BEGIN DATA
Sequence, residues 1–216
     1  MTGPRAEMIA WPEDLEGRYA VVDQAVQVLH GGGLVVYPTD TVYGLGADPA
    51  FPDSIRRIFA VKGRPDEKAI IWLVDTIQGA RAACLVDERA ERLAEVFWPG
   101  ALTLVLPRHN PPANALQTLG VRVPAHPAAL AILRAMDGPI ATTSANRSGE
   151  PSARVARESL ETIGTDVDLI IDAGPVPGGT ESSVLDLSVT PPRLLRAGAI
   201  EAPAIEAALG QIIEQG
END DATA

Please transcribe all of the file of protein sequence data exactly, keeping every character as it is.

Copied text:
Sequence, residues 1–216
     1  MTGPRAEMIA WPEDLEGRYA VVDQAVQVLH GGGLVVYPTD TVYGLGADPA
    51  FPDSIRRIFA VKGRPDEKAI IWLVDTIQGA RAACLVDERA ERLAEVFWPG
   101  ALTLVLPRHN PPANALQTLG VRVPAHPAAL AILRAMDGPI ATTSANRSGE
   151  PSARVARESL ETIGTDVDLI IDAGPVPGGT ESSVLDLSVT PPRLLRAGAI
   201  EAPAIEAALG QIIEQG